Adding DC offset and gain to a signal with op amps

Discussion in 'General Electronics Chat' started by kuch128, Oct 3, 2012.

  1. kuch128

    Thread Starter Member

    Mar 7, 2011
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    1
    Hello all I am currently working on a project centered around the XR-2206 function generator IC. I am trying to add some extra functionality to the circuit by adding gain and DC offset to the output. I know the IC has this capability but after experimentation I didnt really like the way it behaved.

    To give you all an idea of what I am doing is that I have one op amp acting as the gain another as the DC offset using a voltage follower and finally a third summer op amp to combine the two. My problem is when I add the DC offset things don't go like I want them to so I was thinking that I needed to couple the output of the gain circuit from the DC offset by adding a cap but again my results were not what I wanted. I am simulating right now using a quad package 2274 because the rest of the circuit is run off of +5 and -5 volts. I have attached a schematic so you can get an idea of what I am trying to do. Also after looking at the data sheet I realize that the 2274 isnt going to cut it with its response times but I am just experimenting right now in order to get concept down.


    If this is a double post I apologize last time I tried to start this thread my connection timed out and I dont know if it went through.
     
  2. kuch128

    Thread Starter Member

    Mar 7, 2011
    20
    1
    Here is the circuit I forgot to hit the upload button.
     
  3. kuch128

    Thread Starter Member

    Mar 7, 2011
    20
    1
    Another question just to make sure my understanding is clear. If I am expecting to run with a max frequency of 1Mhz and a fixed gain of three I would want a GBW of at least 11MHz right? I am using the equation

    GBW = f-3db * A

    As far as slew rate is concerned if I am expecting no more than 3 Vpp from the signal would I need a 18 V/us SR? I used this equation

    SR = 2*pi*1MHz*3V

    and because SR is in V/us I would multiply the result by 1E-6?

    I just want to make sure I am doing this right before I start shopping for parts.

    I love the forums "teach a man to fish" mentality which is why I am trying to provide as much work on my part before asking for help. Again I am appreciate any input.
     
  4. Audioguru

    New Member

    Dec 20, 2007
    9,411
    896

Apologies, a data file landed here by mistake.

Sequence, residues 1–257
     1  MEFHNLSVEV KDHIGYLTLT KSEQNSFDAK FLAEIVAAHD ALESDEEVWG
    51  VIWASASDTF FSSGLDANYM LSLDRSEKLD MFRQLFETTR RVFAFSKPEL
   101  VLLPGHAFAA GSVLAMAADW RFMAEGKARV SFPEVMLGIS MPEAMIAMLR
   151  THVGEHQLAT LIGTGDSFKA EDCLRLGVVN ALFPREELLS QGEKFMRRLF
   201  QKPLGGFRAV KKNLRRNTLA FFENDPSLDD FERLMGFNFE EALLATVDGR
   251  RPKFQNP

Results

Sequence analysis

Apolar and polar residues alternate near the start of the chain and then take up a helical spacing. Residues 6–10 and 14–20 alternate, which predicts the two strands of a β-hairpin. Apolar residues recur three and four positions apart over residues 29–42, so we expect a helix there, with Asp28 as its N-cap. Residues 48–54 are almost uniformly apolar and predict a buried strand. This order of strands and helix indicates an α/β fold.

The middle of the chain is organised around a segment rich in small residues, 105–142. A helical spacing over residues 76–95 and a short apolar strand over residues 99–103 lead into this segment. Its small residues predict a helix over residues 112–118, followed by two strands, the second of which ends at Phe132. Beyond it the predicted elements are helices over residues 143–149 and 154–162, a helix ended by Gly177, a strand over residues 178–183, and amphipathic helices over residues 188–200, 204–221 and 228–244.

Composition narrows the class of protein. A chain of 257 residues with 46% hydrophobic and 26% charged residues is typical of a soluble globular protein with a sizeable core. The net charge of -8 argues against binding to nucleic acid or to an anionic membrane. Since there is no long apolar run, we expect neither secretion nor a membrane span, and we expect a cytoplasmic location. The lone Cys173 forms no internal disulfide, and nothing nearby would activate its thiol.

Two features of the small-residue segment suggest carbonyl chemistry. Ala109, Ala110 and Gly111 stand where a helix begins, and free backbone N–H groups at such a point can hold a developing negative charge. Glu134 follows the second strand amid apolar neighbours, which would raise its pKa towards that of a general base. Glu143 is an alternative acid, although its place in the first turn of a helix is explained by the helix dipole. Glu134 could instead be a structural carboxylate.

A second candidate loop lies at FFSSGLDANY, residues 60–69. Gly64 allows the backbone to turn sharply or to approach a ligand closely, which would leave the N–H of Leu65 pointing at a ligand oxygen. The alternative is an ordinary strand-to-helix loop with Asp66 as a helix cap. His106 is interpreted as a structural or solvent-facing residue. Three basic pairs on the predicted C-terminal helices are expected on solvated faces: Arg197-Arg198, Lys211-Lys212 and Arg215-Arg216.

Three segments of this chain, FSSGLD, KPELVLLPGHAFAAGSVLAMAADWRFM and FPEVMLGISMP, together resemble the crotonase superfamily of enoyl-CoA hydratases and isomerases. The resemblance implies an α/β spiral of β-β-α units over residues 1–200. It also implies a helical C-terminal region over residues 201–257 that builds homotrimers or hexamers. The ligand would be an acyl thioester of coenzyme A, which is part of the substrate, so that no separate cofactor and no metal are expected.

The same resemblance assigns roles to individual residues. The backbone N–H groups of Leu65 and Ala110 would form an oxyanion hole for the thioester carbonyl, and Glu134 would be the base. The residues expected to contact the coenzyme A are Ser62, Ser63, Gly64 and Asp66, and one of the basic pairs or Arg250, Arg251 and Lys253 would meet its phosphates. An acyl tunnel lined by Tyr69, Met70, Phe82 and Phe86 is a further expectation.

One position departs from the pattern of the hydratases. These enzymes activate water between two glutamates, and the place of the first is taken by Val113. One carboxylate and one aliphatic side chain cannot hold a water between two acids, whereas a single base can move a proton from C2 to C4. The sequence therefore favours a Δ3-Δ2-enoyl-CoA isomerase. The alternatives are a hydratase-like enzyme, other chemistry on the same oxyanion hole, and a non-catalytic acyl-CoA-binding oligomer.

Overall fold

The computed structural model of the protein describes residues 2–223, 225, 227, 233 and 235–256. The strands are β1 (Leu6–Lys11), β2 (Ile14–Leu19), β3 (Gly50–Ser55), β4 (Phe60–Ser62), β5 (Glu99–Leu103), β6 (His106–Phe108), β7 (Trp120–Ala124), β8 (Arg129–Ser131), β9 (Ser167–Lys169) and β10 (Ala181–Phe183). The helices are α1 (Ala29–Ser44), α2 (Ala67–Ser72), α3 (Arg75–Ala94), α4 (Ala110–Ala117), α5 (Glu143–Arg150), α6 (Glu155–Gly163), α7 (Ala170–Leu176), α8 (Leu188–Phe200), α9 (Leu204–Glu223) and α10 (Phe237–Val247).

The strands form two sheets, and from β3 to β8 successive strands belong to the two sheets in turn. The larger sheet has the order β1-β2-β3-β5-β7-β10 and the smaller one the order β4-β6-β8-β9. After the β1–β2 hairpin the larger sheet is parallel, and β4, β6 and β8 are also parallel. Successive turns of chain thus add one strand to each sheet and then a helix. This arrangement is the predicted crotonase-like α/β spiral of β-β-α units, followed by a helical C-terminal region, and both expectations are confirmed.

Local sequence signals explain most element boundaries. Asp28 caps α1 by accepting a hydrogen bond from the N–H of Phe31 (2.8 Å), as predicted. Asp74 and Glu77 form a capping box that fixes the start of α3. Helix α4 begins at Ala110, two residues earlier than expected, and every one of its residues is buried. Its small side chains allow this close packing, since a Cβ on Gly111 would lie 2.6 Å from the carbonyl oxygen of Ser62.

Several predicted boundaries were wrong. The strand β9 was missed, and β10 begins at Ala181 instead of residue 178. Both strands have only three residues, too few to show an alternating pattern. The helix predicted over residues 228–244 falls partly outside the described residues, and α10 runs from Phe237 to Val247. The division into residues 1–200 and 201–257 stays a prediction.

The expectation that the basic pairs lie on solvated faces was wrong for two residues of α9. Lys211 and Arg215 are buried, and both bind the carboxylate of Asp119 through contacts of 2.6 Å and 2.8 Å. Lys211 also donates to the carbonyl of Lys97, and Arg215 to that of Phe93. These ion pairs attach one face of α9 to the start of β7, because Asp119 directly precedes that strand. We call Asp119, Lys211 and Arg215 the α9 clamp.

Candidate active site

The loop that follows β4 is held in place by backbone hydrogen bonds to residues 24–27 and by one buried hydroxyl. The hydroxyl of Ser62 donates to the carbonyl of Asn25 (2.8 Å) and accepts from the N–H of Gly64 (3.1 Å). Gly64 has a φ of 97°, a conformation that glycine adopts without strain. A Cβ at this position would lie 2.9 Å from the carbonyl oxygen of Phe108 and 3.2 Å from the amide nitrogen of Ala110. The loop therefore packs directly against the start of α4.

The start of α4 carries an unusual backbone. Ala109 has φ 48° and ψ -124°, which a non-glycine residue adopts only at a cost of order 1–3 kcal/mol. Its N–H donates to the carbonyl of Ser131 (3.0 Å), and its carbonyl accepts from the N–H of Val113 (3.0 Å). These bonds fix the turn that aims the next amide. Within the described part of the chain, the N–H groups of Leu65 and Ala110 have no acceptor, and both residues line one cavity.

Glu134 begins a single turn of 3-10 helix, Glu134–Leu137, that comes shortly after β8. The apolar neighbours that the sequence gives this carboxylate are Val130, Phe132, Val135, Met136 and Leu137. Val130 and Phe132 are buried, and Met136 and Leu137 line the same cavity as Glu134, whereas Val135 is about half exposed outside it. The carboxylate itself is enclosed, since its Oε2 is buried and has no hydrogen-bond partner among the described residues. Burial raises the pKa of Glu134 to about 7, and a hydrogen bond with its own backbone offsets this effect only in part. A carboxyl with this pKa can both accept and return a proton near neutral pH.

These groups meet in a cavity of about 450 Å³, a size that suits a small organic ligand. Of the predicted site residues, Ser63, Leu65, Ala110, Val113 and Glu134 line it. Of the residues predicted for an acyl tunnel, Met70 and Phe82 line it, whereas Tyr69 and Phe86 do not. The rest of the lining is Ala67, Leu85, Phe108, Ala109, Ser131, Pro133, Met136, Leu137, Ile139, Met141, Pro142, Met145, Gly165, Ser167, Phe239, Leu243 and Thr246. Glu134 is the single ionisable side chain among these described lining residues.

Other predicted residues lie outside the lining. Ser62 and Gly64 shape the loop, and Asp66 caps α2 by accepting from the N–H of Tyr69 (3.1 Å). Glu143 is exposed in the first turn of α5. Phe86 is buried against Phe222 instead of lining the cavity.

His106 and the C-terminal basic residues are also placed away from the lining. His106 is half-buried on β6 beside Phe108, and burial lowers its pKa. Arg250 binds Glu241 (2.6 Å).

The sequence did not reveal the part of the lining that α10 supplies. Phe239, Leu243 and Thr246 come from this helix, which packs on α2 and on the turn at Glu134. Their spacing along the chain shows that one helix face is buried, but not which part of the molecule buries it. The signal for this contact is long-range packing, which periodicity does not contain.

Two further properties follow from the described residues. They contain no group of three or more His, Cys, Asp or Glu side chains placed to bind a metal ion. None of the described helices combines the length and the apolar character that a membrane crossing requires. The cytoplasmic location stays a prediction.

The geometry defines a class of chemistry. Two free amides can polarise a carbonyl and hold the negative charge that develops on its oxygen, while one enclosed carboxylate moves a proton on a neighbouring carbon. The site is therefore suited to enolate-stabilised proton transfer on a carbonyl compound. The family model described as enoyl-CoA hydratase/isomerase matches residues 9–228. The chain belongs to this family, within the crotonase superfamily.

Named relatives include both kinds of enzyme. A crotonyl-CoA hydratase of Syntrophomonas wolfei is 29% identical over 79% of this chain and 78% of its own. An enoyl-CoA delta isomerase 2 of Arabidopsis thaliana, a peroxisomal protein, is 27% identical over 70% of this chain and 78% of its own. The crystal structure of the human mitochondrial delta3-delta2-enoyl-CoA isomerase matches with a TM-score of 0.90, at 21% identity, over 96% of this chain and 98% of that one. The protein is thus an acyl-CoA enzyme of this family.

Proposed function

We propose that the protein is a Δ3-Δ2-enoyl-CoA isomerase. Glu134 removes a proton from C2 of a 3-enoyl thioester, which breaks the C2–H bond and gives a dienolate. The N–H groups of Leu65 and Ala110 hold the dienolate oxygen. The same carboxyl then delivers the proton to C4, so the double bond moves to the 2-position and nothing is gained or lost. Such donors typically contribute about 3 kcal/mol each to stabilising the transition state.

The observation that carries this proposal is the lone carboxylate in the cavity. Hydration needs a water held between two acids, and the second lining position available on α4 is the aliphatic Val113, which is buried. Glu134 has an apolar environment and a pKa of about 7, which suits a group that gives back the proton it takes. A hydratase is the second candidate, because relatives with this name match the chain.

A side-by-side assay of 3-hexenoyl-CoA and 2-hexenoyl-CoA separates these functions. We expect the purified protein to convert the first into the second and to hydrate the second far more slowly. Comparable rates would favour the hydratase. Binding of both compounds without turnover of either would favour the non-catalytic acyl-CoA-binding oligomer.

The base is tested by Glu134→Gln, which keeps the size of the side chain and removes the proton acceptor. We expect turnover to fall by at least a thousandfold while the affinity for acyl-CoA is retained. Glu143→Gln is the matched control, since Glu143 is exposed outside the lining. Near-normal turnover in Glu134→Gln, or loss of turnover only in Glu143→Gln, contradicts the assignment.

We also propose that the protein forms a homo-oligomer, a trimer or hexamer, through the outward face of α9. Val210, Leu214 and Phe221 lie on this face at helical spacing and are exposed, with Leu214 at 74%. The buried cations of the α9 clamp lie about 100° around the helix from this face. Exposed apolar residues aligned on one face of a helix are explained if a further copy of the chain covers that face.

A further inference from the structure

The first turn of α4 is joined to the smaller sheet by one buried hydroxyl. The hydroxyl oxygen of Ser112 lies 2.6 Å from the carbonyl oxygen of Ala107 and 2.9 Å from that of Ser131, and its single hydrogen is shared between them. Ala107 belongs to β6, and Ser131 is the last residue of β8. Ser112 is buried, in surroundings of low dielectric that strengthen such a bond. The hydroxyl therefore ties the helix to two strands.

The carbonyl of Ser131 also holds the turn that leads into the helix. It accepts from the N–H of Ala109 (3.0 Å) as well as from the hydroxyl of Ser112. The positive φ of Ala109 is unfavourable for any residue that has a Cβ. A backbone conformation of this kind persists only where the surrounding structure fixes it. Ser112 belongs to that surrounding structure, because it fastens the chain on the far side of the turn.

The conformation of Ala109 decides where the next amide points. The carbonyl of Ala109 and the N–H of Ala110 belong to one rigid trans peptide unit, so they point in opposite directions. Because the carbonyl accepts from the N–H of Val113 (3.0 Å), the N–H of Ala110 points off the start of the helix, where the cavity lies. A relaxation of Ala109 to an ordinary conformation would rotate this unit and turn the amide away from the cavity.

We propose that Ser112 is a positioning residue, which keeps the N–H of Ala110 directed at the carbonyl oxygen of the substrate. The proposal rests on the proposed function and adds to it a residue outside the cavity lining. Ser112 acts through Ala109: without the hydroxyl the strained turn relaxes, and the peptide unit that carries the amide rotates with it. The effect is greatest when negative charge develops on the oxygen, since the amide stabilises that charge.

Add a series coupling capacitor from the XR2206 to the (+) input of the first opamp.
    Add a capacitor to ground in series with R3.
    Add a input bias resistor to the (+) input of the first opamp. The other end of the input bias resistor connects to the slider of the offset adjust pot.

    The other two opamps are not needed.

    I guess you know that the datasheet for the XR2206 shows a maximum frequency of only 500kHz but some go up to 1MHz or higher. Its sinewave distortion is horrible above 100kHz.
     
  5. kuch128

    Thread Starter Member

    Mar 7, 2011
    20
    1
    Thank you AudioGuru,
    So I understand what you did C1 is there to keep the DC voltage off the pin of the XR2206 output pin? R5 is there because of the fact that AC signals view DC sources as ground you need the resistor there in order to see the AC voltage or is it there strictly as a current limiter or both? C2 is there to ensure that the offset is on the output with out being amplified due to no DC current passing through the feedback network while allowing the AC signal to pass relatively untouched minus the reactance the capacitor introduces?
     
  6. kuch128

    Thread Starter Member

    Mar 7, 2011
    20
    1
    And I did run into that distortion problem when I was experimenting with the circuit but it was still able to produce a somewhat identifiable waveform. I was planning on just designing around 1MHz as a challenge to myself.
     
    Last edited: Oct 3, 2012
  7. Audioguru

    New Member

    Dec 20, 2007
    9,411
    896
    No.
    C1 allows you to adjust the output DC offset voltage of the opamp.

    No.
    C5 passes the input DC adjustment voltage to the opamp without attenuating the signal level. I changed its value to 100k ohms.

    Correct.

    But you will still have such a wide range of DC output offset voltage that the opamp will severely clip the signal.

    The opamp you selected has a gain of 11 only up to about 100kHz. Harmonics of the triangle waves and squarewaves above about 10kHz will be attenuated.

    C1 and C2 should be calculated for the lowest frequency you need because they must be non-polarized. C1 is 10uF into 10k ohms so it passes frequencies down to 1.6Hz.
     
  8. ramancini8

    Member

    Jul 18, 2012
    442
    118
    This depends on your definition of GBW; usually in an op amp it is the point where the open loop gain is 1, and for a voltage op amp you gain 20dB of loop gain for each decade that you go back in frequency from the GBW point. Lets try this; for an op amp GBW=30MHz the gain is 20dB at 3MHz, 40dB at 300KHz, 60dB at 30KHz, 80dB at 3KHz and 100dB at 300Hz. At 3MHz the the loop gain is only 20dB, so if you want a gain of 3 the error is greater than 10%. The Audioguru keeps emphasizing that op amps cause distortion, and this is one of the mechanisms that cause it (lack of slew rate and output drive are others). If you want to prove this to yourself get a 741 type op amp, use an input signal of 1kHZ @1V, then start with a closed loop gain of 1,then 10, then 100, etc. and watch the distortion increase. Less than about a percent distortion is hard to see in a sinewave, so use a waveform like a triangle or square wave to see the distortion better.
     
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